And when clubs lose its Mojo, they lose their way in the standings too.
That being said, in one week the Cubs have traded one of its best chemistry guys (DeRosa) for one of the league’s worst (Milton Bradley).
There’s a reason Bradley has played for seven different teams in nine years…he’s a bad chemistry guy.
After all, why else would the Expos, Indians, Dodgers, A’s, Padres and Rangers deal a hitter with a lifetime .280 average and career .370 OBP?
Bradley is a time bomb, plain and simple. We have no idea when he’ll blow his top, we just know it’s a matter of time before he will.
So, I don’t care how high Milton’s OBP was last year (tops in the AL .436), some things (not many! ) are more important than home runs, RBIs and OBP…clubhouse chemistry is one of them.
Obviously, I’m not in favor of the signing. They’re several other F.A. outfielders who can match Milton statistically, not to mention, they’re likely far more durable than Bradley who’s played no more than 126 games in a season since 2004.
Yes, as a switch-hitter Bradley fills a need in this Cubs’ lineup, but I’m afraid he also creates a much greater need inside the Chicago clubhouse as well.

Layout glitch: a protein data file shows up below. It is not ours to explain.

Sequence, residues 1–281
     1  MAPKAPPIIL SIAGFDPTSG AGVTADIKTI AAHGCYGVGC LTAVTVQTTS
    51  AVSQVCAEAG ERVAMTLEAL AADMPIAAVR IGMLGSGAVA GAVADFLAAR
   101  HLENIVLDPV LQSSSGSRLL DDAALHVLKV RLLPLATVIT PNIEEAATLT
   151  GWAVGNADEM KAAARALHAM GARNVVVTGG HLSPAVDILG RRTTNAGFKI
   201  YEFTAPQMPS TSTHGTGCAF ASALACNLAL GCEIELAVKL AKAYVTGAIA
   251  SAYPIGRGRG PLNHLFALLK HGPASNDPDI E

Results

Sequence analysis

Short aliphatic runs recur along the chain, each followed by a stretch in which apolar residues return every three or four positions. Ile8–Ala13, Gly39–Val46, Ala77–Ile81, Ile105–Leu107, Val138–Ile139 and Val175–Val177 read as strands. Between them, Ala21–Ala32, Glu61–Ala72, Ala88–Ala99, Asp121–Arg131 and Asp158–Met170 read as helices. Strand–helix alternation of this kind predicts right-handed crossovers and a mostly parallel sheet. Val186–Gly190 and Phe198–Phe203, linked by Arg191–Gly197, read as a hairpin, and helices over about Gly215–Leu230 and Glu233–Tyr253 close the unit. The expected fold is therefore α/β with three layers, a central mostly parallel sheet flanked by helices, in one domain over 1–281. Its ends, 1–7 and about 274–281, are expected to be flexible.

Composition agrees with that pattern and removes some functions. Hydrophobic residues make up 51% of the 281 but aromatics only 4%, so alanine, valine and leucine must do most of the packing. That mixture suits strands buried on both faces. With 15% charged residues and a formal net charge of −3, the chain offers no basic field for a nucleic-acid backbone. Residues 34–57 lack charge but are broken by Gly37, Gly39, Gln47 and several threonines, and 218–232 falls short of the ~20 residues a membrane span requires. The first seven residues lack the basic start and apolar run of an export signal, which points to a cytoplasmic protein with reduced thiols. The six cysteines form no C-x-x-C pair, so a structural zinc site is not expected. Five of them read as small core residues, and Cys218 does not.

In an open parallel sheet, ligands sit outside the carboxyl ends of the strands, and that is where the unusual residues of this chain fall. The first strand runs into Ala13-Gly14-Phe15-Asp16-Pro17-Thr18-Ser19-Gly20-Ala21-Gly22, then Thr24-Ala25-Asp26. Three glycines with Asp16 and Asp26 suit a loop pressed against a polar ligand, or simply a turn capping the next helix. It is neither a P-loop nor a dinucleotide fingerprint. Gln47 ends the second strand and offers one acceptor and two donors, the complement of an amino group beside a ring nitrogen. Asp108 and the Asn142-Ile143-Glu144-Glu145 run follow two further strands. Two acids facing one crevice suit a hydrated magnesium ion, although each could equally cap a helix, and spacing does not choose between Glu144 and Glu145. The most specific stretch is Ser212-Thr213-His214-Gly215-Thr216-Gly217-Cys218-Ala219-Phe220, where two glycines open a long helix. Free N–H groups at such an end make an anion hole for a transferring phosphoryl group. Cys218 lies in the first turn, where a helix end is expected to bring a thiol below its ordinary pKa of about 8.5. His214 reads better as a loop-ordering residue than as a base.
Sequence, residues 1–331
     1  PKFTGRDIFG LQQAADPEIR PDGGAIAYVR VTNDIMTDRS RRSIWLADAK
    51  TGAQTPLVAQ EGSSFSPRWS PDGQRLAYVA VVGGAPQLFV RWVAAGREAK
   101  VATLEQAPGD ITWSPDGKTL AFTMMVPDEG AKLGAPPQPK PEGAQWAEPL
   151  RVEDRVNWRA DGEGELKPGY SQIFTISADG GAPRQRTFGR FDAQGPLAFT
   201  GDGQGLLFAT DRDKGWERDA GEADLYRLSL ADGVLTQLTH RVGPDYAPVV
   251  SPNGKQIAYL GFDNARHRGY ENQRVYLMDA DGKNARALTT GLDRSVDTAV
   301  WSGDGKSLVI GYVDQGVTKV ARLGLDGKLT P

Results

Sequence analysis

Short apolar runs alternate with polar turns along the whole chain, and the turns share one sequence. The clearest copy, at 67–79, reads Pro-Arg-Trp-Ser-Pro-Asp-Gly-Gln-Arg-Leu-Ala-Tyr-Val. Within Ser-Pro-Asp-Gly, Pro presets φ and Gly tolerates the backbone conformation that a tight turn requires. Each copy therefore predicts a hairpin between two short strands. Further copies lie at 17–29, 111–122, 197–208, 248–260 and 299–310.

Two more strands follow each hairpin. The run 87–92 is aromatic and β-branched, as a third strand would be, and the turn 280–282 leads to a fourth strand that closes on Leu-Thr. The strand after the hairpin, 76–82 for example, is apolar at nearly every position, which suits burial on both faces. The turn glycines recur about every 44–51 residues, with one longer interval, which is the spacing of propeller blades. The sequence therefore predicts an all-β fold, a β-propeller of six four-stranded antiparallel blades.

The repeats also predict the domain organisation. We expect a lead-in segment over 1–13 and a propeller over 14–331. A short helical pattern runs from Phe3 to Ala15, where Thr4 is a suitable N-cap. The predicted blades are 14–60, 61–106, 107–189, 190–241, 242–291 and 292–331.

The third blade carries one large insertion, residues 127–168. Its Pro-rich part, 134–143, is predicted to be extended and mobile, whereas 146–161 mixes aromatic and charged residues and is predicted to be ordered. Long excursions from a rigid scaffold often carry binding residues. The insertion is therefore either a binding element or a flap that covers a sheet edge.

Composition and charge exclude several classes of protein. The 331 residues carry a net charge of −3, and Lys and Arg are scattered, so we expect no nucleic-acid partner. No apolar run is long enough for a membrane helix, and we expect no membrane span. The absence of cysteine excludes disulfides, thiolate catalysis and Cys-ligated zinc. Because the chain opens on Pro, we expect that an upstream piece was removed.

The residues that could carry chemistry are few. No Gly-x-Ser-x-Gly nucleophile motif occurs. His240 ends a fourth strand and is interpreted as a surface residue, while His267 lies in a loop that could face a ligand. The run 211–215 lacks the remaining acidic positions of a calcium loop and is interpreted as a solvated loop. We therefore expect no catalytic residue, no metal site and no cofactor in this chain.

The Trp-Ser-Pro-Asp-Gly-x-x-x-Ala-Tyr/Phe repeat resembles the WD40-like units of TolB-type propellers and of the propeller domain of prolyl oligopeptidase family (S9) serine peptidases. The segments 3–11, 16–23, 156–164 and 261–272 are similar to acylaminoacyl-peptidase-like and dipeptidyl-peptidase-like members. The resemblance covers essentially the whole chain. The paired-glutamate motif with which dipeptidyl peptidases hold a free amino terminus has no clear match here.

Meet Mr. Gathright
You can forget about Chicago signing Raul Ibanez, he’s now signed on with Philly. However, there’s no reason not to be excited about Joey Gathright…seriously!
He’s 27-years old, has excellent speed (78 stolen bases in 105 attempts in his career), is versatile in the outfield and, is a left-handed bat with 400+ games of MLB experience under his belt.
Obviously, Gathright is not is the power hitting lefty (1-career HR) Lou is coveting, but there’s definitely a place for this guy on Chicago’s roster.
After watching Lou manage for two seasons we understand the skipper’s pleasure in making double switches and inserting pinch runners, both of which make Gathright an ideal fit off the bench.
Not to mention, Gathright is above average defensively in center field — something the Cubs lack.
Still, this signing is all about Felix Pie. He’s out of minor league options and still struggling to hit MLB pitching.
In turn, Pie’s trade stock has dropped considerably leaving Jim Hendry stuck with the under-achieving prospect.
With Gathright in the mix we’re only left to believe Pie is on the move. Where he goes, who knows?
Of course, it’s looking better each day that Hendry lands free-agent slugger Milton Bradley.
Yes, Bradley is an ideal fit for the Cubs lineup statistically, but he’s also far more expensive than Gathright’s 1-year $800,000 contract.
And let’s not forget, when you sign Milton you’re also signing the loads of baggage that’s trailed him from Cleveland, L.A., Oakland, San Diego, and Texas.
In my mind, Bradley isn’t a guy you want on a championship type roster like the Cubs. And clearly, there’s a reason he’s played for five different clubs in the past six seasons. Basically, the guy is nuts between the ears.
So yeah, get excited about Joey Gathright! Even though he’s not the perfect fit, he’s still good enough.